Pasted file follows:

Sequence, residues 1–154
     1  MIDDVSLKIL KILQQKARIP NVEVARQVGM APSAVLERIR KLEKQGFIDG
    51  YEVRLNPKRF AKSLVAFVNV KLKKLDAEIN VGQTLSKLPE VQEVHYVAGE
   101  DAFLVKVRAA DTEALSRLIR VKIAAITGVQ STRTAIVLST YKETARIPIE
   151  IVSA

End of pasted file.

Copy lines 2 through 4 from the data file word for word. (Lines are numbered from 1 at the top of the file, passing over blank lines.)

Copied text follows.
     1  MIDDVSLKIL KILQQKARIP NVEVARQVGM APSAVLERIR KLEKQGFIDG
    51  YEVRLNPKRF AKSLVAFVNV KLKKLDAEIN VGQTLSKLPE VQEVHYVAGE
   101  DAFLVKVRAA DTEALSRLIR VKIAAITGVQ STRTAIVLST YKETARIPIE